he need not accept passively a boring life. Still, the intervening sixty years seem to have been unnecessarily barren. And how many people never realize that they can shape their psyclue energy so as to get the most out of experience? If the finding that about 15 percent of the population are never in flow is accurate, that means that just in this country tens of millions of people are depriving themselves of what makes life worth living. Of course, III many cases one can well understand why a person may experience flow rarely, or not at all. A deprived childhood, abusive parents, poverty, and a host of other external reasons may make it difficult for a person to find joy in everyday life ..On the other hand, there are so many examples of individuals who overcame such obstacles that the belief that the quality of life is determined from the outside is hardly tenable. Some of the most vocal disagreements to what I have written about flow came from readers who claimed to have been abused, and who wanted me to know that contrary to what I had said, it was perfectly possible for abused children to enjoy their adult lives. Examples are too many to mention. One of my favorites involves Antonio Gramsci, the philosopher of humanistic socialism that had such a strong influence on the development of European thought in this century, and on the eventual demise of Leninism-Stalinism. Born in 1891 to a destitute family on the poor island of Sardinia, Antonio had a deformed spine and was sickly all through childhood. Their poverty became almost intolerable when his father arrested on false charges, was imprisoned and could no longer support his large family. In an unsuccessful attempt to cure his hunchback, ntonio's uncle would hang the child by his ankles from the rafters of the hovel in which they lived. Antonio's mother was 0 sure that the child was eventually going to pass away in his sleep that every night she set out his one good suit and a pair of candles on the dresser so that the funeral preparations would take le time. Given these facts it

would have come as no surprise that Gramsci grew up full of hatred and spite. Instead he dedicated his life to helping the oppressed, by becoming a subtle writer and brilliant theoretician. Although one of the founders of the Italian Communist Party, he never compromised Ius humanitarian values for the sake of expediency or party dogma. Even after Mussolini had him imprisoned in a medieval jail so that he would die in solitary confinemenr, he kept writing lettersand essays full of light, hope, and compassion. All of the external factors conspired to twist Gramsci's life; he must take all the credit for achieving the intellectual and emotional harmony that he left as his heritage. . Another example, from my own researches this time, concerns the life of Linus Pauling. He was born in Portland, Oregon, at the turn of the century; his father died when Linus was nine years old, leaving the family impoverished. Although he was au omnivorous reader and collected minerals, plants, and insects, Linus did not think he would go past high school. Fortunately, the parents of one of his friends almost forced him to enroll in college. Then he received a scholarship to get into Cal Tech, became involved in research, was awarded the Nobel prize in chemistry in 1954. and the Nobel peace prize in 1962. He describes his college years as follows: I made a little money by odd jobs, working for the college, killing dandelions on the lawn by dipping a stick in a bucket containing sodium arsenate solution and then stabbing the stick into the da.ndelion plant. Every day I chopped wood, a quarter of a cord perhaps, into lengthsthey were already sawed-into a size that would go into the wood-burning stoves in the girls' dormitory. Twice a week I cut up a quarter of a beef into steaks or roasts, and every day I mopped the big kitchen, the very large kitchen area ..Then at the end of my sophomore year, I got a job as a paving engineer, laying blacktop pavement in the mountains of Southern Oregon.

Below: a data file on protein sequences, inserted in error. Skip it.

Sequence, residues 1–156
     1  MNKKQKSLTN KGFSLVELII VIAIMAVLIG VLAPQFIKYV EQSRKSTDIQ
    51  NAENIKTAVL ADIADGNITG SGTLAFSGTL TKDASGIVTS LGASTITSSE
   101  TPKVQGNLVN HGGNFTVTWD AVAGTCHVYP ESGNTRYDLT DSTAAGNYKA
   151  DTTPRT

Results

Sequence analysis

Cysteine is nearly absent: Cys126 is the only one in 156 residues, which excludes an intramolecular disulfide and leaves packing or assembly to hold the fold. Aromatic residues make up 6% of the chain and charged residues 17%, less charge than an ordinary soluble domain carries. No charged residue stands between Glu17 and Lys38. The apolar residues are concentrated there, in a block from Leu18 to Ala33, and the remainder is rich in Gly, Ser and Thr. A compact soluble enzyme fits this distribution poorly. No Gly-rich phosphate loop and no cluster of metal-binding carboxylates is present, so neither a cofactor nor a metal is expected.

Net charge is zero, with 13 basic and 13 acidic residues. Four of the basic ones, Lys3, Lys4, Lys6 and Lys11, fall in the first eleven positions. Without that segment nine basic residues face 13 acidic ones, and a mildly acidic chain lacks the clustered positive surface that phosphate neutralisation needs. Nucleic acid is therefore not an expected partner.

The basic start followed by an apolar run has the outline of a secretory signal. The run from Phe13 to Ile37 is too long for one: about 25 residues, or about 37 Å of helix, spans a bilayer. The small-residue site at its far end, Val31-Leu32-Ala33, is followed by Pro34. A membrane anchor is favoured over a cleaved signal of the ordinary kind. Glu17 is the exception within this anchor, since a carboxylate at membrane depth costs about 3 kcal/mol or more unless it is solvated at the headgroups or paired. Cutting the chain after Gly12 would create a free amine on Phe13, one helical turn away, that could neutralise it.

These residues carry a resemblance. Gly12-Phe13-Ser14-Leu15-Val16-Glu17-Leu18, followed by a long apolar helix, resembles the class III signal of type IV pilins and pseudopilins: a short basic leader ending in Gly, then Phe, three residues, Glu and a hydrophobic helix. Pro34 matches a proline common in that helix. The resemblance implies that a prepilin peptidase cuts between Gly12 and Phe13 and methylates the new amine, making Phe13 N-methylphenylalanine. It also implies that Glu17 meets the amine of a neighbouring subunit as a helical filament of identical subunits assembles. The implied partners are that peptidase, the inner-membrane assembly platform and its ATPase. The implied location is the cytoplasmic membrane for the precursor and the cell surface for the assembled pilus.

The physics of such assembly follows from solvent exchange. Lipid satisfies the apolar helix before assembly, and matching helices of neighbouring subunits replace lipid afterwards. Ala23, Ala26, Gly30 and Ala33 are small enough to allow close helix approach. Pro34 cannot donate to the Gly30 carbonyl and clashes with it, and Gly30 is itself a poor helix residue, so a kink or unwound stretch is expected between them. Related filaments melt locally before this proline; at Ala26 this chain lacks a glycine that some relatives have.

What was so amazing about Linus Pauling is that even at ninety years of age he kept the enthusiasm and curiosity of a young child. Everything he did or said was bubbling with energy. Despite the early adversity and the later hardships, he exuded an obvious joie de vivre. And there was no secret about how he did it; ill his own words: "I just went ahead doing what I liked to do." Some will find such an attitude irresponsible: how can someone afford the self-indulgence of doing only what he 1ikes to do? But the point is that Pauling-and the many others who share his attitude-like to do almost everything, no matter how difficult or trivial, including the things they are forced to do. The only thing they definitely don t like is wasting time. So it is not that their life is objectively better than yours or mine, but that their enthusiasm for it is such that most of what they do ends up providing them with flow experiences. Recently there has been a lot written about how people are born either with a happy or a sad temperament, and there is not that much one can do to change it. If you happen to be a happy person, you will stay that way no matter how much bad luck you encounter. If you are not, a strike of good luck may lift your mood for a short while, but you will soon return to the lukewarm, average moroseness doomed by the genes. If this were true, then it would be hopeless to try changing the quality of one's life. But this deterministic scenario is correct only insofar as the extroverted exuberance that is often mistaken for happiness is concerned. That seems indeed to be a fairly stable trait of a person's character. It is a different story, however, if by happiness we mean the less obvious enjoyment of life that flow provides. In a rare ESM longitudinal study of teenagers, for instance, Joel Hektner found that about 60 percent of the adolescents reported the same frequency of flow over a one-week period measured two years apart; those who had much of it earlier still had it later, and those who had little